Breed Standards &
There are many breeds and mixes that have been mistaken for Pit
Bulls, yet very often the "real deal" isn't even recognized. Even dogs
reported to be Pit Bulls in bite cases have on occasion, upon further
investigation, turned out to be something else entirely (there is a quite
infamous case of an attack committed by an Akita that was originally
identified as a Pit Bull by the news media).  This page will help you
learn to identify Pit Bulls, understand variations within the breed, help
you figure out what is incorrect, looks-wise in the breed, as well as
identify what's NOT a Pit Bull at all.

Pit Bulls have always been bred more for attitude and
temperament rather than looks. Because of this reason,
there is lots of variation in appearance in the breed. Some
breeds are always easy to recognize. They share similar
colors and markings, and height, weight, and ear set are
uniform. The standards for such breeds call for this
uniformity. The Pit Bull standards, however, allow for more

Even though variation is permissible, the Pit Bull "standards"
(see below) specify certain physical requirements in the
breed. The standards have been written by people who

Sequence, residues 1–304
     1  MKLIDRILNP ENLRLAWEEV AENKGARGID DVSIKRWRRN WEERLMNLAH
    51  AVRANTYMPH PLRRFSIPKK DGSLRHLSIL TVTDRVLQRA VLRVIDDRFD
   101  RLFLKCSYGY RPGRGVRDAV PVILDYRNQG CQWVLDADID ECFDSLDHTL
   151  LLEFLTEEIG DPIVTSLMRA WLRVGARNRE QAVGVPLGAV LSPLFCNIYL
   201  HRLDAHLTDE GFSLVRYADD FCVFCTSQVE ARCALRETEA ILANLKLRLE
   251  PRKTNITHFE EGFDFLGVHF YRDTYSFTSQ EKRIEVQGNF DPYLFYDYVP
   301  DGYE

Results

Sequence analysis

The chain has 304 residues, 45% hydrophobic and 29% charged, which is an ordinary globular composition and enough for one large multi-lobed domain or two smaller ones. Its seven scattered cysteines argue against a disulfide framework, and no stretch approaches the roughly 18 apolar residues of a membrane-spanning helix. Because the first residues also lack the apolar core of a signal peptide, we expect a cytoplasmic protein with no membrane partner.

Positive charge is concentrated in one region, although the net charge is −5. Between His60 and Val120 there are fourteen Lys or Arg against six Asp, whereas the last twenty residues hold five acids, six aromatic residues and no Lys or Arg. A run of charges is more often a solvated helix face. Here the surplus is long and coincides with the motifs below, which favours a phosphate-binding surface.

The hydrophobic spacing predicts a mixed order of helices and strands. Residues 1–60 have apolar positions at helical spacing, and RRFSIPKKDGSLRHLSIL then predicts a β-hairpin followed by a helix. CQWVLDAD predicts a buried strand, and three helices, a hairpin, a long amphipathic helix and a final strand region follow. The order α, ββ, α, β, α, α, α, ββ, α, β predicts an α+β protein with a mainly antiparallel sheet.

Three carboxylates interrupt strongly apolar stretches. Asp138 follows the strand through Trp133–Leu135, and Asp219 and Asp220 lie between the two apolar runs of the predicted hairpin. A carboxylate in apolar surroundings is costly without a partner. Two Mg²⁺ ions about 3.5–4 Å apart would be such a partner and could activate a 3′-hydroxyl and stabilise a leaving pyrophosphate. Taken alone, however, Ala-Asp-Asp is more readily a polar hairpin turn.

have spent many years with the breed, and understand
what the breed should look like. The standards have been
approved and adopted by national organizations. Standards
identify the "ideal" Pit Bull, and breeders look to the
standard when making decisions about which dogs to
breed. The goal of any ethical breeder is to produce the
"perfect dog". In the Pit Bull world, there is a huge problem
with unethical breeders who are breeding Pit Bulls with no
regard for the standards. They breed what they like, what
they think a Pit Bull should look like (big, or short, or stocky,
etc.), and what appeals to the general public (which seems
to believe bigger is always better). These dogs do not
conform to the standards. These dogs also add even more
variation to the breed, looks-wise, which makes it still more
So what exactly does a Pit Bull look like? First start with the breed be
concerned with. The first standard is the United Kennel Club standard,
the second is the American Dog Breeders Association standard, and the
third is the All American Dog Registry standard. The fourth standard is
the AKC standard for the American Staffordshire Terrier. The UKC and
AKC standards are similar; American Staffordshire Terriers can be
registered with the UKC as "American Pit Bull Terriers", and can then
compete in UKC shows.

After you've read over the standards, see how you fair at the
"Find the
Pit Bull" game.

The Standards:

Standards are the 'blueprints' breeders use when 'building' the perfect

Important Notes About Size:

Important Notes About Color:
"Real" Pit Bulls aren't
oversized, bulky, or
'wide' - they are a
"balanced" dog; here,
Hailey, owned by
Marthina McClay, is
50lbs of
correctly-sized APBT.

correctly-sized Pit
Bull. This is
Lagniappe owned by
Lanni is 43 lbs.
Lil Bit (ADBA), owned by Marty from
well-built, atheltic bulldog - the way the
well-built, atheltic bulldog - the way the
breed was meant to be!

Can you "Find the Pit Bull"?